AP Photo/Carolyn Kaster

Secretary of Education Steps in Gun Debate and Blows It

I don’t expect many within the Biden administration to know a whole lot about guns. Most of them have never exposed themselves to firearms and wouldn’t stoop to such pedestrian levels as to consider their own self-defense needs.

But the debate about the Second Amendment is still raging on, of course, and the Biden administration is trying to push an assault weapon ban that’s going nowhere.

Apparently, the Secretary of Education figured he had something to add to the discussion.

That’s it? That’s the best he can come up with?

Alright, according to Brandolini’s Law, I might be at this for a bit, so grab a cup of coffee and settle in.

First, let’s talk about locks on a school door.

Cardona appears to labor under the idea that it’s a simple thing to just shoot the lock and gain entry through a door. After all, the movies and television show this happening all the time. TV Tropes even has a page about how common it is and how it doesn’t work like that.

Sure, with an AR-15, you might generate enough damage to take out the lock, but the shooter is also going to be subject to shrapnel if he’s close enough to ensure a hit and if he’s not, he’s going to waste time trying to get the shot. That is a good thing.

After all, while he’s shooting the lock, he’s not shooting students.

However, let’s say that he somehow gains access. I won’t suggest how because, frankly, I’m worried some dipstick will do it and then I get to stay awake for the rest of my life wondering if he read my stuff.

You see, thanks to the policies of people like Cardona, the school has a pile of unarmed teachers. None of them have a gun and so they can’t do anything but hide and pray the bad guy goes down a different corridor.

Yet here, no AR-15 is needed.

We need to remember that the worst school shooting in American history was Virginia Tech. That killer used two handguns to slaughter dozens of innocent people. He didn’t need an AR-15 to create massive carnage.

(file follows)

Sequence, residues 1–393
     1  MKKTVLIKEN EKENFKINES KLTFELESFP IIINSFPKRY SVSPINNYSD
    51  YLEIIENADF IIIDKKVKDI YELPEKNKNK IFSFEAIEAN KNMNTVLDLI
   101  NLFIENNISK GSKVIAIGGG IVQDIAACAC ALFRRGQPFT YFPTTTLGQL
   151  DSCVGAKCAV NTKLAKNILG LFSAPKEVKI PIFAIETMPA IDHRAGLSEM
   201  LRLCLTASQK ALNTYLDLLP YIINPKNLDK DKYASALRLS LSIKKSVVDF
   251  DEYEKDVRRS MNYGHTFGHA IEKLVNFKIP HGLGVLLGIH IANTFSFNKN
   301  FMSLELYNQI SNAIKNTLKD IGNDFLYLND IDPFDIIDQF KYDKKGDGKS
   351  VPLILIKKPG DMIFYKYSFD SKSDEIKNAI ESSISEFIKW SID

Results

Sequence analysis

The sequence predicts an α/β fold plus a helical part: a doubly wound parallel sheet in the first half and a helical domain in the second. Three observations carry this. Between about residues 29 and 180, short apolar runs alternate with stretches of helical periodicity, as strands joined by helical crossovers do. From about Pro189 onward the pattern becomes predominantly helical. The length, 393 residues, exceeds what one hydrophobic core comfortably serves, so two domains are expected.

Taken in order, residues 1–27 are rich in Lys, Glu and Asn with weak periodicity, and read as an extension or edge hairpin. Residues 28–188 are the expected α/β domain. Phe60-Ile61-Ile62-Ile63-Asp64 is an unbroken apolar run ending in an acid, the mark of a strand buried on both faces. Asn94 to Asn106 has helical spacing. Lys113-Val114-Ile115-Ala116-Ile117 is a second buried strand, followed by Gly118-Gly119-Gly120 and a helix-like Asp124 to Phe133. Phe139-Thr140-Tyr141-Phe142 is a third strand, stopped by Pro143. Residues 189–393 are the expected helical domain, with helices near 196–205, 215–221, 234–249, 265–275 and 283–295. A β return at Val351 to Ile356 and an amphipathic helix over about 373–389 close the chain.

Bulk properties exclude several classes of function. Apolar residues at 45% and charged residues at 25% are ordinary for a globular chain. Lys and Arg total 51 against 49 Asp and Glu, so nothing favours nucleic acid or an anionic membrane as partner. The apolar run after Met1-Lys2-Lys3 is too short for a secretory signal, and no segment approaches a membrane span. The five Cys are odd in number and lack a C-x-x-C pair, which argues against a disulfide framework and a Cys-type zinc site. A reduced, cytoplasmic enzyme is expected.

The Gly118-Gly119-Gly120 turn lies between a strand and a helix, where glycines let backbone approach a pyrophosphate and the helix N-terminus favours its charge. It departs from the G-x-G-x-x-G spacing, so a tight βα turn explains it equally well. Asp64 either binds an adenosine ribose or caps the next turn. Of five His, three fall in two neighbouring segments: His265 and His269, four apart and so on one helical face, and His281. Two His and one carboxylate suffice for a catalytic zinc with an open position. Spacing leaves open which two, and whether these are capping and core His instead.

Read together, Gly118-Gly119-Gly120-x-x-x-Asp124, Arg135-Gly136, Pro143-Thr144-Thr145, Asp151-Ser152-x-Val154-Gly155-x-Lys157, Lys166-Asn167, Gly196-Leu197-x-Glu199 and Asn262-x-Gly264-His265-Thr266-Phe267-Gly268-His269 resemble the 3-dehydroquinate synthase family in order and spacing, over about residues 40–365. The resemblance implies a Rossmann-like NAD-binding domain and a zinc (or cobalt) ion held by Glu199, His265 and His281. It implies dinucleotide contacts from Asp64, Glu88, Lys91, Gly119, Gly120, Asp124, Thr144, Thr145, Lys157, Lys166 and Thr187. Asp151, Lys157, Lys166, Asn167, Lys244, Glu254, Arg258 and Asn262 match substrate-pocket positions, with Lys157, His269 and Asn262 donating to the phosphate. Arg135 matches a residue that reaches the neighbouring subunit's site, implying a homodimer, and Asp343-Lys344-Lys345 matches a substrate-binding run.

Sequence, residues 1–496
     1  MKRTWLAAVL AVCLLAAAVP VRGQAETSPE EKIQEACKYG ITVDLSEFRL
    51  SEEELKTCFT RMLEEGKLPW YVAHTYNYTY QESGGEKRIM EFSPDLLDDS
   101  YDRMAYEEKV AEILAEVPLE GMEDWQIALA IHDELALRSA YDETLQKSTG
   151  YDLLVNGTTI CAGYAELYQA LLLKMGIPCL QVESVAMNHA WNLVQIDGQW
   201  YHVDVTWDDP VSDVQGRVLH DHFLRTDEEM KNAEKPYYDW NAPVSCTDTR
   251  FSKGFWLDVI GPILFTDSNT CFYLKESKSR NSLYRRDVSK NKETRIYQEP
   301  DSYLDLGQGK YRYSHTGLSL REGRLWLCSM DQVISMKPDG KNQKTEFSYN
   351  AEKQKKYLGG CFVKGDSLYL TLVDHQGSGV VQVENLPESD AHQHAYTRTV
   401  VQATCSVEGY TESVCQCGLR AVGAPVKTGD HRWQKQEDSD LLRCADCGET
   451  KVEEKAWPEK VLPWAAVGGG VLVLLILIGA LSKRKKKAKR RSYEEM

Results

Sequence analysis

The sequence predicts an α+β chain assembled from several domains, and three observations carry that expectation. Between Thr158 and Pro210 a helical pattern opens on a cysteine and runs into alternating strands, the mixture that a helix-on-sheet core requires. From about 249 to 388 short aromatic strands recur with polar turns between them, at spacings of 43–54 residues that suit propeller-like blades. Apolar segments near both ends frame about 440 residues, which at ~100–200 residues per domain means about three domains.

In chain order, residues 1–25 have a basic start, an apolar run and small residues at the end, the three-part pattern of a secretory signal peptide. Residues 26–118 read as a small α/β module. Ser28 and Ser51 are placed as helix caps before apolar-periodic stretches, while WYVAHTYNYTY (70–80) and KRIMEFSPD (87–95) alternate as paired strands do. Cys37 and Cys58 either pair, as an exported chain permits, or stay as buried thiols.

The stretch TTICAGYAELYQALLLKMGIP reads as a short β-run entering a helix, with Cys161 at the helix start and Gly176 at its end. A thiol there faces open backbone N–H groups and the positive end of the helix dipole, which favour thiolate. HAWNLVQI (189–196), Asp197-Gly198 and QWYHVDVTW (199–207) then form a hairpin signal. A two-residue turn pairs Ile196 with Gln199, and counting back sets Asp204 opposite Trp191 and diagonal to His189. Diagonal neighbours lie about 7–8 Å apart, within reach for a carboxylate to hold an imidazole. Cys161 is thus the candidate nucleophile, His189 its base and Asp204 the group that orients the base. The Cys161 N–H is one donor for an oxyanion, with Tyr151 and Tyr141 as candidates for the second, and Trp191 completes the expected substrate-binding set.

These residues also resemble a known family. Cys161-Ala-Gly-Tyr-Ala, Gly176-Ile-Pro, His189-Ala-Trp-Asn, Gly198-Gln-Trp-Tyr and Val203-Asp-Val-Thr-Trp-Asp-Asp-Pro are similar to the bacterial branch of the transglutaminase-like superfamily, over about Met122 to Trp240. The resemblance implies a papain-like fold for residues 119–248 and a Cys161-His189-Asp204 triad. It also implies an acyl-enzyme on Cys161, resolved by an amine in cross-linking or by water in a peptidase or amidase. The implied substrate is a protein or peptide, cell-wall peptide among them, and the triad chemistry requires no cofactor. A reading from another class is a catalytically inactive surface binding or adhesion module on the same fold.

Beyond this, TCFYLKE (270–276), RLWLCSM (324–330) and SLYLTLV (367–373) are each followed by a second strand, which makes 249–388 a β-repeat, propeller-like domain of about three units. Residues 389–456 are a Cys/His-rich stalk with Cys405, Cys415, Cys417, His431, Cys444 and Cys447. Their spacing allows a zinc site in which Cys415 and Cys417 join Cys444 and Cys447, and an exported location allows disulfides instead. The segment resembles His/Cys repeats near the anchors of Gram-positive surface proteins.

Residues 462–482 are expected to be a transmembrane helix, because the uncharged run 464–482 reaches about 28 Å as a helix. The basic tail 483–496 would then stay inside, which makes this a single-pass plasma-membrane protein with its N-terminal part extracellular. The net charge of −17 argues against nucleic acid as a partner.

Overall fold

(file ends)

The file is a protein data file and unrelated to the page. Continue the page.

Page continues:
That’s because that killer met no armed resistance. He could do what he wanted and there wasn’t really a whole lot anyone else could do.

What Cardona is doing here is either helping perpetrate the demonization of the AR-15 or he’s been suckered in by it. The difference doesn’t really matter all that much to me, really, because the result is the same.

In the process of this demonization, one particular category of gun is treated like some kind of game-changer, where if we just made that one thing go away, suddenly we wouldn’t have any problems.

The issue is that an assault weapon ban wouldn’t stop the next Virginia Tech killer. It wouldn’t have stopped a lot of mass shootings, including high-profile shootings that used the AR-15. These killers are broken inside, so it’s insane to think they wouldn’t have obtained a firearm of a different type.

Remember Columbine? Another one that used handguns, by the way.

We don’t need public officials pretending that a ban will suddenly make everything better. They have to know on some level that it won’t.

What it will do, though, is deprive millions of Americans of a safe and effective means of self-defense.

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